Dir: Martin Kemp. UK. 2010. 82mins
From musician in a hit band to film director is an intriguing journey, but it is one that Martin Kemp has made to good effect, with his debut feature Stalker an impressively creepy psychological horror tale, made with pace, style and assured direction.
The original storyline has been astutely twisted around so the new version is more thriller than blood-fest.
From many Kemp will be best known for duties with British band Spandau Ballet, but over the years he has astutely made the transition into actor – initially starring as gangster Reggie Kray in 1990 film The Krays, but also serving time on British television in the likes of The Bill and EastEnders – before stepping up to the plate as a director.
His debut film is a re-working of the 1976 British horror film Expose, written and directed by James Kenelm Clark, with the original splatter film starring Udo Kier, Linda Hayden and Fiona Richmond, though the original storyline has been astutely twisted around so the new version is more thriller than blood-fest.
In truth the story is a familiar one – a variation of plots from various gothic dramas – and the film is naturally constricted by its modest budget, but it is made with a sure touch, and could well appeal to distributors used to handling genre fare.
Anna Brecon stars as successful novelist Paula, fresh out of a stint in psychiatric care (she has nasty flashbacks) who is advised by her tough publisher Sarah (Jennifer Matter) to head to a remote country house owned by her uncle to help clear her head and focus on the next novel.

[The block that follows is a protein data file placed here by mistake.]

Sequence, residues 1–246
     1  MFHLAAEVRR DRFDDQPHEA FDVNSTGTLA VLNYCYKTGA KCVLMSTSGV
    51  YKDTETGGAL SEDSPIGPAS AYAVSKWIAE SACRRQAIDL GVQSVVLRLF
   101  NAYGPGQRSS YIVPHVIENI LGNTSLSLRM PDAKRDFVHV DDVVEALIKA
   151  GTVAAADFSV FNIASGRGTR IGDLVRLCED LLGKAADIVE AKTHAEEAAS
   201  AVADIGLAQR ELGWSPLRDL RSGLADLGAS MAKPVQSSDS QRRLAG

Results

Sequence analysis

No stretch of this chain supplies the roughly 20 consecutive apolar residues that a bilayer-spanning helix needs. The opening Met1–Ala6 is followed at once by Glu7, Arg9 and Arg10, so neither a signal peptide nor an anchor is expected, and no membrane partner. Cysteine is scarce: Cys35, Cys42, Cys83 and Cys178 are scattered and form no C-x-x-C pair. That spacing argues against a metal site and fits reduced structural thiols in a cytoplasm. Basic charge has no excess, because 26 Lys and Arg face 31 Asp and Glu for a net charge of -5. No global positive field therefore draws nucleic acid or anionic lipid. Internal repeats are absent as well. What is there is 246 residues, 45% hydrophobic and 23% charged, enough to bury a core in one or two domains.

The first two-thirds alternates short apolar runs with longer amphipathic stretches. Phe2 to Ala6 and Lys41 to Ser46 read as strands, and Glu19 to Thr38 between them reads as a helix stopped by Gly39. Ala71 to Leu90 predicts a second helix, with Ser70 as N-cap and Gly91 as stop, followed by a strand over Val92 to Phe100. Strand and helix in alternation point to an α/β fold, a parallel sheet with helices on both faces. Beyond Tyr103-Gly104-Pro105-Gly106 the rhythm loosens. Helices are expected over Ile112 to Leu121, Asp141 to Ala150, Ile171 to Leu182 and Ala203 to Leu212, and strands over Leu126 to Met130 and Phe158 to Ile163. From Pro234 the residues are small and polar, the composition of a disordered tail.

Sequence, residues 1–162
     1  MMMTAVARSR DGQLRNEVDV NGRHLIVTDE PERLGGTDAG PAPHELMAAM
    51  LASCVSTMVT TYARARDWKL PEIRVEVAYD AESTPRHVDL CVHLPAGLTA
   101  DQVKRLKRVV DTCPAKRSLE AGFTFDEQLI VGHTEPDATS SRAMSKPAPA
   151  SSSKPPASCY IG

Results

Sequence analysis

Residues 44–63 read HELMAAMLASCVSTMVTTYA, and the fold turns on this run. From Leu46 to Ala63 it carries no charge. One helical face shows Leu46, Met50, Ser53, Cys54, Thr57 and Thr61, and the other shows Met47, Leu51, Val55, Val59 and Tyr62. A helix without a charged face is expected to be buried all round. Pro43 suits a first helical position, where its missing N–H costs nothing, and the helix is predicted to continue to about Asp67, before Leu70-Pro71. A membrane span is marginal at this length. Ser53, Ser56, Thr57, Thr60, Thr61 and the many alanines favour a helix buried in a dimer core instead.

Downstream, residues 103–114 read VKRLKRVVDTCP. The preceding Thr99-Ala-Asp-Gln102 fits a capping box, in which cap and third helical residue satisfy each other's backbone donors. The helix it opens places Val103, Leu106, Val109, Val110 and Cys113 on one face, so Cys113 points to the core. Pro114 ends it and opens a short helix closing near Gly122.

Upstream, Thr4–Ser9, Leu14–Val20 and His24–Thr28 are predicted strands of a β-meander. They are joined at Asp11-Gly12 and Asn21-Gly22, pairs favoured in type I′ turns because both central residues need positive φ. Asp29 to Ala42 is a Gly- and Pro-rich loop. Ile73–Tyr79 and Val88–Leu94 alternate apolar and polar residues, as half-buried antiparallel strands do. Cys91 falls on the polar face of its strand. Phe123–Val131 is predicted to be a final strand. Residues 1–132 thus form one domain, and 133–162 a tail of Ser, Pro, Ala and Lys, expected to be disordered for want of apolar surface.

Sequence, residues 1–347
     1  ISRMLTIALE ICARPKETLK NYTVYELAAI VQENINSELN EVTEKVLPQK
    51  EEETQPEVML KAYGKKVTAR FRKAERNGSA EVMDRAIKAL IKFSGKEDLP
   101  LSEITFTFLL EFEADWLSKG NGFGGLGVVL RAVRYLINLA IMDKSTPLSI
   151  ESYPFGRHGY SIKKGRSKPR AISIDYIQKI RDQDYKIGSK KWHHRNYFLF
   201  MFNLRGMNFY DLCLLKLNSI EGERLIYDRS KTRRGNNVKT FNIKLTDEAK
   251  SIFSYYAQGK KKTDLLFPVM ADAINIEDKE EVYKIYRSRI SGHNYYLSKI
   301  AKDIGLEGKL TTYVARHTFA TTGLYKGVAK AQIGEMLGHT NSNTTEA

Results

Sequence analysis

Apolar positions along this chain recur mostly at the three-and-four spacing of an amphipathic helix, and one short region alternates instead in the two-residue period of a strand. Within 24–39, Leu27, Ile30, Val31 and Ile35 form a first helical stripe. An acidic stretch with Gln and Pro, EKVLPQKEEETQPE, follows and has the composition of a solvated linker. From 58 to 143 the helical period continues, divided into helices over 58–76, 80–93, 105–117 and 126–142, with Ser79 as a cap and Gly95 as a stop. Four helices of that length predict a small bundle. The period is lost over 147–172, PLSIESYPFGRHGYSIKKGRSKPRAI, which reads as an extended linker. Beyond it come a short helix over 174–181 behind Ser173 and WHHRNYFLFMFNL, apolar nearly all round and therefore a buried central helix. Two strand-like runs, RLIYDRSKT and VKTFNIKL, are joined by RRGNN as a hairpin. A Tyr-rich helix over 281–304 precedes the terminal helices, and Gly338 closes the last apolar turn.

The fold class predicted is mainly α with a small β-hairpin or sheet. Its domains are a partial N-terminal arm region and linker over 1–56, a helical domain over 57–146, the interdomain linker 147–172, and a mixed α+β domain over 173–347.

Paul is suitably jittery around the house, despite helpful housekeeper Mrs Brown (Linda Hayden, who starred in the source film Expose), and manages to injure her hand on a rusty nail in the obligatory dark cellar. So, she is relieved at the arrival of Linda (an impressive Jane March), who explains she has been sent by the publisher to take care of things and help Paula with her writing.
Naturally things are not quite as they seem and as the film develops the nasty truth about Linda and Paula is gradually revealed, with the arrival of pushy journalist Robert Gainer (Billy Murray, one of the executive producers) the catalyst for a whole of bloody action.
The performances by the two leads are particularly strong, especially before the film spirals off into full-blown horror territory. Anna Brecon is suitably jittery and nervy as Paula, while the revelation is the layered performance from Jane March (who initially came to fame in roles in films such as The Lover and Color Of Night in the early 1990s that exploited her youthful sexuality) who deserves more attention and bigger roles.
Production company: Black and Blue Films
International sales: Moviehouse Entertainment, www.moviehouseent.com
Producer: Jonathan Southcott
Executive producer: Kevin Byrne, James Kenelm Clarke, Will Horn, Ciaran Mullaney, Gareth Mullaney, Billy Murray, Gary Phillips, Mark Vennis
Co-producer: Danny Young
Screenplay: Martin Kemp, based on a story idea by James Kenelm Clarke and screen story by Phillip Barron
Cinematography: James Friend
Editor: Jason de Vyea
Production designer: Alison Butler
Music: Neil Chaney
Main cast: Jane March, Anna Brecon, Billy Murray, Colin Salmon, Jennifer Matter, Danny Young, Triana Terry, Linda Hayman